Difference between Lycopene and Beta Carotene

Carotenoids are plant pigments that are widely found in fruits and vegetables. They are red, yellow and orange in colour, mainly produced by plants, algae and photosynthetic bacteria. Lycopene and beta carotene are only two of the 600 types of carotenoids known. Lutein, zeaxanthin, beta carotene, alpha carotene, beta cryptoxanthin, and lycopene are some important nutrients that are commonly seen in the human diet.

Carotenoids are divided into categories: Xanthophylls and Carotenes.

  • Xanthophylls are more of a yellow pigment and contain oxygen in their structure. E.g., Lutein and Zeaxanthin.
  • Carotenes are more of an orange pigment and are devoid of oxygen in their structures. E.g., Lycopene and Beta Carotene.

What is Lycopene?

Lycopenes are bright red coloured carotenes commonly found in tomatoes, carrots, watermelon, grapefruits and papayas. However, it is not found in strawberries and cherries.

Chemically, it is a tetrapene composed of eight isoprene units. The thirteen conjugated double bonds give the structure its red colour. The molecular formula of lycopene is C40H56.

Although it is a carotene, it possesses no provitamin A activity. Therefore, it is not an essential nutrient in the human diet but is consumed commonly. However, lycopene is an important carotenoid since it functions as a precursor for the formation of beta carotene and xanthophylls. It is present in small amounts in all of the plants.

Structure of Lycopene

What is Beta Carotene?

Beta carotenes are reddish-orange carotenes commonly found in mangoes, pumpkin, oranges, papayas, carrots and sweet potatoes.

It is composed of eight isoprene units with a molecular formula of C40H56. It can be distinguished from other carotenoids in having the presence of beta rings at both the ends of the molecule.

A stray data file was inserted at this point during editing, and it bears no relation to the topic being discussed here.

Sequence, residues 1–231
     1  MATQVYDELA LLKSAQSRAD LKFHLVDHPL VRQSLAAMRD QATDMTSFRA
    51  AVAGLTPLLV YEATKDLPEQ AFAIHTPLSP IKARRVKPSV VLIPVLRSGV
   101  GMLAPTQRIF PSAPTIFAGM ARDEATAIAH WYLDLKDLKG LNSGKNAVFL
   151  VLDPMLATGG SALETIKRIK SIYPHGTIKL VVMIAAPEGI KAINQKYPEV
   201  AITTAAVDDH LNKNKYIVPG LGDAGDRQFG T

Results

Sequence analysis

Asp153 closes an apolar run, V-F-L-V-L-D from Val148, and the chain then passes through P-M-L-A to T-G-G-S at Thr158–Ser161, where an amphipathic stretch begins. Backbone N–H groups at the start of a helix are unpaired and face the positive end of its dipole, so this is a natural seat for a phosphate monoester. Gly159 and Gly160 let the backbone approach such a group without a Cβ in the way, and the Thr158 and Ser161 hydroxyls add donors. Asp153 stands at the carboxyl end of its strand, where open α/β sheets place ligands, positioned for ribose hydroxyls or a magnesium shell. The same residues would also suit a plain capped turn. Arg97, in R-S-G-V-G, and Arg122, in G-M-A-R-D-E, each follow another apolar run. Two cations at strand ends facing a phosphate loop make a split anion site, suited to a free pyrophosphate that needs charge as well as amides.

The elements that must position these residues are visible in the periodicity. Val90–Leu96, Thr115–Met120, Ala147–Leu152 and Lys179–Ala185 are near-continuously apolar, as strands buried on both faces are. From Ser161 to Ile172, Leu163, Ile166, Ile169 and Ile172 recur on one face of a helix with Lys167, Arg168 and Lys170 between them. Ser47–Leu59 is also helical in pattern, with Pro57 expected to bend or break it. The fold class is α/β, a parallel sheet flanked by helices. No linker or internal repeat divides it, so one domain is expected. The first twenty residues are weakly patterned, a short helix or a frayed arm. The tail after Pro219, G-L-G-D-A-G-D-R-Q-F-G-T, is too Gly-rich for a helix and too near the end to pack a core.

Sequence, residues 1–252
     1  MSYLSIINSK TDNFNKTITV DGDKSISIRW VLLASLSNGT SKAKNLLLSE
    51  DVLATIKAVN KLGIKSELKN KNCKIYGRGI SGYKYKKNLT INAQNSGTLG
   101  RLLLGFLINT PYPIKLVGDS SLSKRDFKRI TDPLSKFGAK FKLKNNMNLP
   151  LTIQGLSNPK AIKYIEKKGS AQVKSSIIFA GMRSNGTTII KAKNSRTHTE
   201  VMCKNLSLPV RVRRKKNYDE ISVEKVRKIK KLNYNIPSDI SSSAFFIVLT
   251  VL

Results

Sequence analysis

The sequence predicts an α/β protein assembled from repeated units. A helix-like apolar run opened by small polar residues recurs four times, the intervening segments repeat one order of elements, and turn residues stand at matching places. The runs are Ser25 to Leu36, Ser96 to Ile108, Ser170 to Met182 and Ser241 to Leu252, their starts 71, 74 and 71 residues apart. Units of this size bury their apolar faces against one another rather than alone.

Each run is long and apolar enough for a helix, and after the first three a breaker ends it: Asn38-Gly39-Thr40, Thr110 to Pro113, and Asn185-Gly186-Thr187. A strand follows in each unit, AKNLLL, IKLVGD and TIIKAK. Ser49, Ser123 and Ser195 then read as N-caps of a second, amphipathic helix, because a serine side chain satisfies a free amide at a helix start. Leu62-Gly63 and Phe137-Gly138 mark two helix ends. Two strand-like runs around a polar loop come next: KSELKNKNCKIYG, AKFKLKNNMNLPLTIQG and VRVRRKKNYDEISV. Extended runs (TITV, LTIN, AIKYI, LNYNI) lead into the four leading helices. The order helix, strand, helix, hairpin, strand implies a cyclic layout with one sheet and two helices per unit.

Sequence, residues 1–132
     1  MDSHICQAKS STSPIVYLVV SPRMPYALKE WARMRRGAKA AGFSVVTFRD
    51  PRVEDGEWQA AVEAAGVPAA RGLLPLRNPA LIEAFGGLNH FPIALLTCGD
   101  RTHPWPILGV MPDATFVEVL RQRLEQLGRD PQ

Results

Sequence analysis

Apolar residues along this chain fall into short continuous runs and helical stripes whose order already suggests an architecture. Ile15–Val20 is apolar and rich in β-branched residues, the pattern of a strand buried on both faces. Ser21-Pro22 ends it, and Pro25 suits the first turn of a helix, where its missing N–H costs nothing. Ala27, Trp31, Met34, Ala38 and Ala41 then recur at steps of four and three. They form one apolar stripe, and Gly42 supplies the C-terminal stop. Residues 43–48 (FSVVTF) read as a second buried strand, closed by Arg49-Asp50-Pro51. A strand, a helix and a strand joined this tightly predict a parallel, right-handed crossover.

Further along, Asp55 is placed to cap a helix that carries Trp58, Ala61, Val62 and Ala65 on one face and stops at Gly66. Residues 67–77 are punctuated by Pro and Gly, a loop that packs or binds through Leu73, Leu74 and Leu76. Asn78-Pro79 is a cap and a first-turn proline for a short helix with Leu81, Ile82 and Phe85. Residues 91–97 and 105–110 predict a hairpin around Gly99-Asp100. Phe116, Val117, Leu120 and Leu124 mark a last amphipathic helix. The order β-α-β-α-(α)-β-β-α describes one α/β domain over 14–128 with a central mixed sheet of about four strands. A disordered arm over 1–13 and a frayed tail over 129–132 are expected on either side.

Beta carotene serves as a precursor in the formation of Vitamin A.

Beta carotene itself is not an essential requirement in the diet. However, it is available as a supplement in many multivitamin formulations.

Beta carotenes are found widely in green leaves. Their functions include: (1) collection of light and transferring it to chlorophyll, (2) dissipation of the excess energy. They also help in the formation of tertiary structures of the chloroplast.

Structure of Beta carotene

Lycopene vs Beta Carotene

Lycopene Beta Carotene
Lycopene is a bright red coloured hydrocarbon. Beta carotene is a red-orange coloured hydrocarbon.
Vitamin A Activity
Lycopene is the chief precursor for Vitamin A that is a chief component in the human diet. Beta carotene has no provitamin A activity.
Number of Double Bonds
13 11
Antioxidant Activity
The presence of two additional unconjugated double bonds gives lycopene a greater singlet oxygen quenching capacity. Beta carotene also possesses a good antioxidant activity but falls short in front of lycopene.
It can be absorbed throughout the intestine. Its absorption is limited to the duodenum.
It does not have beta rings. It can be distinguished by the presence of beta rings at both ends of their molecule.
Carcinogen Metabolism
None Some studies have shown that beta carotene promotes carcinogen metabolism.
It is mostly present in -cis form. It is mostly present in -trans form.
Half Life in Circulation
It has a half life of 12-33 days. The maximum half life is 12 days.
It is moderately available in fruits and vegetables, maximum in tomatoes. It is poorly distributed in fruits and vegetables.

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Frequently Asked Questions on Difference between Lycopene and Beta Carotene

Which is more polar lycopene or beta carotene?

Beta carotene is less polar because it has fewer double bonds.

What’s lycopene good for?

Lycopene, abundantly found in tomatoes, is an excellent antioxidant that scavenges free radicals from our bodies.

What are the similarities between lycopene and beta carotene?

The similarities between lycopene and beta carotene are:

  • Both have the molecular weight of 536.6g/mol.
  • Both are made of 8 isoprene units.
  • Both possess antioxidant properties.
  • Both are lipophilic in nature.
  • Both have the molecular formula C40H56.

What is the difference between alpha-carotene and beta-carotene?

The major difference between alpha and beta carotene is the position of the double hydrogen bond. Moreover, beta-carotene is more commonly found than alpha carotene.

What are the side effects of beta-carotene?

Consumption of too much beta carotene-rich foods can lead to a condition called carotenodermia. It is recognized by discolouration of hands and feet in yellow and orange colour.

Are carotenoids toxins?

Generally, carotenoids are non-toxic. Conditions caused by high consumption of carotenoids can be balanced by taking meals low in that particular carotenoid.

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